As I was discussing several different issues with a colleague who is affiliated with a regional NPR radio station, the topic of my radio show that had focused on living composers came up. I’ve been seriously looking into starting it back up in Western NY and was curious if the folks in their area might be interested. After informing me of who to speak to, my colleague thought about it for a second and incredulously asked “Really? An entire hour of new music?”
For rock bands, going on tour and playing the “standard repertoire” of hit songs is a non-negotiable part of the job. They may say it’s kind of boring and doing new things is a lot more fun and interesting, but performing favorite songs for adoring fans is what pays the bills. Although composers may not have binding contracts, keeping work alive is a crucial part of the venture for us as well.
I’m sitting outside, picnicking with my family in a beautiful spot, sharing a view of a gorgeous river with 5,000 fellow residents of my rural community at southern Maryland’s River Concert Series. I see lots of young kids, teenagers, multi-generational families, people from all walks of life. I see a hillside just behind the stage, full of children running and playing. We’re watching the Chesapeake Orchestra, conducted by Jeffrey Silberschlag. The River Concert Series has been uniting my community for thirteen seasons.
Given the generational asymmetry that characterizes the consumption and imprinting, so to speak, of pop music—which I imagine we could quantify if we had the right market data in front of us—it shouldn’t be surprising that a rock musician’s early material holds a special value to fans who associate that music with late adolescence and early adulthood.
What a week. The Mizzou New Music Summer Festival proved to be an intense, non-stop learning experience. Right from the beginning, I felt like I had been dropped down into the midst of a Hollywood party with all these great composers and musicians. The formal and informal meetings, rehearsals, and activities were never-ending and one activity seemed to flow seamlessly into the next.
Dmitri Tymoczko’s recently published book, A Geometry of Music: Harmony and Counterpoint in the Extended Common Practice, is a fascinating attempt at a generalized music theory and is a synthesis of an extremely broad range of music which is at the same time extremely heady and a joy to read. So it should probably come as no surprise that Beat Therapy, a new disc of Tymoczko’s own compositions, is equally far reaching yet utterly entertaining.
I love endings. I’ve always been drawn to music that ends with a sigh instead of a bang; music that attempts to transcend the finality of the page and to evoke the possibility of continuing into infinity.
The other day composer Raphael Mostel forwarded me a fascinating story about a macaque monkey in Indonesia who ran off with a camera that belonged to British nature photographer David Slater and proceeded to take a few self-portraits with it. Believe it or not, that article is a must read for anyone interested in new music.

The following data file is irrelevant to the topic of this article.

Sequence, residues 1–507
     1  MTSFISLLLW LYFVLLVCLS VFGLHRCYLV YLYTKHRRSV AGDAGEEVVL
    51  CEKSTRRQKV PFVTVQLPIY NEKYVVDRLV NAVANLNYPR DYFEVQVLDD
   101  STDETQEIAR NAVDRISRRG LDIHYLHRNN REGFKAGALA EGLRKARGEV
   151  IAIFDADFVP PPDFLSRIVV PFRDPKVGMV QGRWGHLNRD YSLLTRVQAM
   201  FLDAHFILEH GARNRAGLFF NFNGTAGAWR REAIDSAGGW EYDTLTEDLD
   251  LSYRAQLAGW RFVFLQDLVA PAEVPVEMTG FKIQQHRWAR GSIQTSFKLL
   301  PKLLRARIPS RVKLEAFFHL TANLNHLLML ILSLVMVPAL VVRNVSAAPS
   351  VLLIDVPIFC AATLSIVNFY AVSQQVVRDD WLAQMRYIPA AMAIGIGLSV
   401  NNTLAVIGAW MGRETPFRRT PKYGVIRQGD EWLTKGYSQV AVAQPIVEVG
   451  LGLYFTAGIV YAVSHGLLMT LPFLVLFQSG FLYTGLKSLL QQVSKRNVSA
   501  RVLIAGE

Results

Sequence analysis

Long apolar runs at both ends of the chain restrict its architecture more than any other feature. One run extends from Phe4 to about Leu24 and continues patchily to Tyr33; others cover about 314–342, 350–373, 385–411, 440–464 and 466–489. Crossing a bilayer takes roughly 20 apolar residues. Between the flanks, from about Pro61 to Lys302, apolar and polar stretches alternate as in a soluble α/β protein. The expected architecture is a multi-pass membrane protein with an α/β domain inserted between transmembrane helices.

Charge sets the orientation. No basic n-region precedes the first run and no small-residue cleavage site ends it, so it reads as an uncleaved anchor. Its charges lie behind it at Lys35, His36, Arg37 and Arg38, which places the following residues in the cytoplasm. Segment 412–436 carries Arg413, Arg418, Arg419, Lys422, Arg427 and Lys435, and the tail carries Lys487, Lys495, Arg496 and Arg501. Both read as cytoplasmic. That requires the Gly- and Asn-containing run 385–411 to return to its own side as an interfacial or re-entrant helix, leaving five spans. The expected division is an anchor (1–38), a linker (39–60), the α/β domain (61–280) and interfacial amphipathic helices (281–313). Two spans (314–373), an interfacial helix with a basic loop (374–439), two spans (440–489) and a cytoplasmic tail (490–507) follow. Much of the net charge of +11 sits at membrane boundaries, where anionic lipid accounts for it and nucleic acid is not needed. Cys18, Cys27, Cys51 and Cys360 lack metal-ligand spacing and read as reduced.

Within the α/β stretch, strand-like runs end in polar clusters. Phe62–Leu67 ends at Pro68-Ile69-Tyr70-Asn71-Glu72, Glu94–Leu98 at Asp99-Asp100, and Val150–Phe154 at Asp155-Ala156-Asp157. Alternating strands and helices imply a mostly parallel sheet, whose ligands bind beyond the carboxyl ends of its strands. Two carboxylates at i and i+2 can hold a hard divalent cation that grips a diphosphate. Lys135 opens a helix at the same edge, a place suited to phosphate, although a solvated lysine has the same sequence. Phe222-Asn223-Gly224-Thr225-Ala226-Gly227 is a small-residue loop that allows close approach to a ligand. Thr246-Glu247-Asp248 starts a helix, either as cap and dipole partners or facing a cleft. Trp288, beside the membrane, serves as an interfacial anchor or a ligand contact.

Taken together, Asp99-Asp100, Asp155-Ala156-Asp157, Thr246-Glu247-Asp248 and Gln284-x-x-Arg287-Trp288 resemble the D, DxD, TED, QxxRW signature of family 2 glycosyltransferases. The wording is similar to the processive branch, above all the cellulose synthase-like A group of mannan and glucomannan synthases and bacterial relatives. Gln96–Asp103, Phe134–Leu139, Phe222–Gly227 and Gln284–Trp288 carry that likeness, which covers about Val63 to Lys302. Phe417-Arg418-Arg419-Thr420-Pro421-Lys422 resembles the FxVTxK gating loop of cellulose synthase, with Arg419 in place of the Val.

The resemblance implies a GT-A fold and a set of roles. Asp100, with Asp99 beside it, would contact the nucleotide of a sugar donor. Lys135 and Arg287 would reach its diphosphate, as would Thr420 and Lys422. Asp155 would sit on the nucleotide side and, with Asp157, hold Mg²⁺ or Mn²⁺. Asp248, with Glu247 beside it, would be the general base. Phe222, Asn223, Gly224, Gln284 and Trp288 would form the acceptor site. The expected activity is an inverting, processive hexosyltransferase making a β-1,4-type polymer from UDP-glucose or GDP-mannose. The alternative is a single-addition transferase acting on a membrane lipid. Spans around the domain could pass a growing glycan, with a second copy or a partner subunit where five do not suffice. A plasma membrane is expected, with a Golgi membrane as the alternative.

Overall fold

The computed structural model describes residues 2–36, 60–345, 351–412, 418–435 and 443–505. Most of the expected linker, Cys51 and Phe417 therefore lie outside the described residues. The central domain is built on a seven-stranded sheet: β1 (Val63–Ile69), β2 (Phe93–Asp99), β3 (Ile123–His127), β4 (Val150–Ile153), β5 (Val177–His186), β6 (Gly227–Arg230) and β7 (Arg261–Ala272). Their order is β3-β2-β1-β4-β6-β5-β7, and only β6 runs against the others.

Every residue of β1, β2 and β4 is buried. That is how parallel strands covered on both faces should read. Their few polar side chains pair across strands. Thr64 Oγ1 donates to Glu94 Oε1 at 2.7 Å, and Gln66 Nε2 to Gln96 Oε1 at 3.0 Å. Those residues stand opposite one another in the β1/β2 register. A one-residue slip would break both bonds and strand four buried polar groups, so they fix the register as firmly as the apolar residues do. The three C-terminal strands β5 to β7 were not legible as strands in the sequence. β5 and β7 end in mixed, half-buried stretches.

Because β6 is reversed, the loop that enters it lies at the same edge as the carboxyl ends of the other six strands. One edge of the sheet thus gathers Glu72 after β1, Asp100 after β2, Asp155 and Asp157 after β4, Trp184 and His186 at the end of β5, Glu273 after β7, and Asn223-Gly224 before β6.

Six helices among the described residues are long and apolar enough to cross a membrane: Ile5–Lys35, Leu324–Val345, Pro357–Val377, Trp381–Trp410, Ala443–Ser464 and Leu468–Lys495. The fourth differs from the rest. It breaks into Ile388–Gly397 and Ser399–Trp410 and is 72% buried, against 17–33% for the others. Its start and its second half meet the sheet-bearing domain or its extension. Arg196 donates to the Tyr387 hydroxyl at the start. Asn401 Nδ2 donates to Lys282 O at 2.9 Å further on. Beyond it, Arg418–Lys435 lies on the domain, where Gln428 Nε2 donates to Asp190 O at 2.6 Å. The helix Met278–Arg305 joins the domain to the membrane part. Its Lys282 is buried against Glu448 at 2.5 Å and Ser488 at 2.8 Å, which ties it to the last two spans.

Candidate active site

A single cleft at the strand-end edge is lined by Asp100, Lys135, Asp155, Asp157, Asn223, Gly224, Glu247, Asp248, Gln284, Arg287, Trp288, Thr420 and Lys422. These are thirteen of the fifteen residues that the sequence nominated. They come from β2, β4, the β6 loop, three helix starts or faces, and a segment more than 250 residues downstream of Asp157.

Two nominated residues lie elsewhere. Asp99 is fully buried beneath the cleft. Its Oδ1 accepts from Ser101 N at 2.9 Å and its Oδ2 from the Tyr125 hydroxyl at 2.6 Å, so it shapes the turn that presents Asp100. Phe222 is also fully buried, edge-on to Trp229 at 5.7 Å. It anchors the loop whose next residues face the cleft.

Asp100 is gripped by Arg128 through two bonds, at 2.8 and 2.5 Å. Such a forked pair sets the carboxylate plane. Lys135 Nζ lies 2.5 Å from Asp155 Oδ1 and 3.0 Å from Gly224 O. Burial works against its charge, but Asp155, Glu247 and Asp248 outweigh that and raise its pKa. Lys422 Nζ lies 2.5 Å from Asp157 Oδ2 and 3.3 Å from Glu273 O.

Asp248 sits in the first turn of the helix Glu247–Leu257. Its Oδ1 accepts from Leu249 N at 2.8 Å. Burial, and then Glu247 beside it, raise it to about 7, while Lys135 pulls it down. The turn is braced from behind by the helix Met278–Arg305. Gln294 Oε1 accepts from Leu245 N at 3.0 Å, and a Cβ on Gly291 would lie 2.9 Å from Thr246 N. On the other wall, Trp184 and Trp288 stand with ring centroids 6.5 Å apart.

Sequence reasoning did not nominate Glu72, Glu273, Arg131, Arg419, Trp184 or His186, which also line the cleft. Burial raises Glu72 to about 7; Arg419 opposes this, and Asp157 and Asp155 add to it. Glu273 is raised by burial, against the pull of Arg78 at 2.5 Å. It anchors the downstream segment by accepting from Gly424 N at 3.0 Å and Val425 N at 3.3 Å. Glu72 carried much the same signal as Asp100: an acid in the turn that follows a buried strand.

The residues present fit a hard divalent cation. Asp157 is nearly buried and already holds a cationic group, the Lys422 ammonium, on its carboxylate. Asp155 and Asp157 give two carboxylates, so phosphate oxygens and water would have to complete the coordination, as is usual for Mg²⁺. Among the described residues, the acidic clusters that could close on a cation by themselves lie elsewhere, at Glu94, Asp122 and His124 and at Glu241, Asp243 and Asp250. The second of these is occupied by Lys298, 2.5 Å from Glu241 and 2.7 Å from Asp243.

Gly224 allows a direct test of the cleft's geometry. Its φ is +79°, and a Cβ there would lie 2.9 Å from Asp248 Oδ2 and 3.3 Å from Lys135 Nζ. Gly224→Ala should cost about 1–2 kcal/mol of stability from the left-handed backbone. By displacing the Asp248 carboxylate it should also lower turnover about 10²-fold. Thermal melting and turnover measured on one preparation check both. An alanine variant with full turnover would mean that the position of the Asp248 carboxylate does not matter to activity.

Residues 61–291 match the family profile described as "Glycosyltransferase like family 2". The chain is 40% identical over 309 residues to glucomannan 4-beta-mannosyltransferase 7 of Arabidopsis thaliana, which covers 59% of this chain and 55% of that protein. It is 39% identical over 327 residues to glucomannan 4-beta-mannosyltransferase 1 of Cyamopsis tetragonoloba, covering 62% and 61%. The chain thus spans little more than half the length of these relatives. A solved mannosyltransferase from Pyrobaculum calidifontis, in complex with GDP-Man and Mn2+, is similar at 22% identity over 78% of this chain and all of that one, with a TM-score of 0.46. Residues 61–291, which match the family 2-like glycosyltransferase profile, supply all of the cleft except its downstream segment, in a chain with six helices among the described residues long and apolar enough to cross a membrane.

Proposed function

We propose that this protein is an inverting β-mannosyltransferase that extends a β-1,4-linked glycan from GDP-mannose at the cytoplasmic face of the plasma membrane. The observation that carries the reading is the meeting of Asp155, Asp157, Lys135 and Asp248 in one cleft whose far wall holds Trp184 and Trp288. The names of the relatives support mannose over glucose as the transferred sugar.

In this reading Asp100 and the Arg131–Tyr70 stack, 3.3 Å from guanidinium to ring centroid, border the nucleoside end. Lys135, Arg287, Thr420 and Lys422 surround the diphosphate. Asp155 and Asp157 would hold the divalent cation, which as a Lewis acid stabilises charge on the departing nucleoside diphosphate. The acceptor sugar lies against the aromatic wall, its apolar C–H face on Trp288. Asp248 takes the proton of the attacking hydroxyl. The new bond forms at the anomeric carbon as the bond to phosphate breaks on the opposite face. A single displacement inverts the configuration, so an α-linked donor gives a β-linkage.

One of the things about the Mizzou New Music Summer Festival that has absolutely captivated me this week is the personal role that one of the primary donors, Dr. Jeanne Sinquefield takes in the festival. I have never experienced this type of relationship before, and it has made me think a lot about the importance of patronage from private sources.
There was an overview first on how to find who owns the music that you want to use for a dance production and then how to contact them and pay them the rights. All of the publishers and copyright holders use Google alerts and if you produce a concert with music and don’t clear the rights you will be busted. There were horror stories of people getting charged hundreds of thousands of dollars because they hadn’t cleared the rights.
Here in Columbia, we have experienced much of the usual light-hearted camaraderie and goofing off that makes these types of festivals super fun, but we have also had an enormous amount of insightful discussion about our lives as composers and what we do (or think we are doing) when we compose.
The morning session I attended was about audience engagement and was more interesting than similar panels I’ve gone to at other conferences. One of the things they talked about was having putting the audience as close to the dancers as possible, so close in fact that you could hear them breathing. This idea that dance should be visceral and that the audience should absolutely know how hard they’re working was intriguing.
Six emerging composers from a pool of 153 candidates have been selected as participants in the Minnesota Orchestra’s eleventh annual Composer Institute. They will be in Minneapolis from January 2 to 7, 2012, for rehearsals, seminars and tutoring sessions, as well as a public “Future Classics” concert of their works on Friday, January 6, led by Music Director Osmo Vänskä.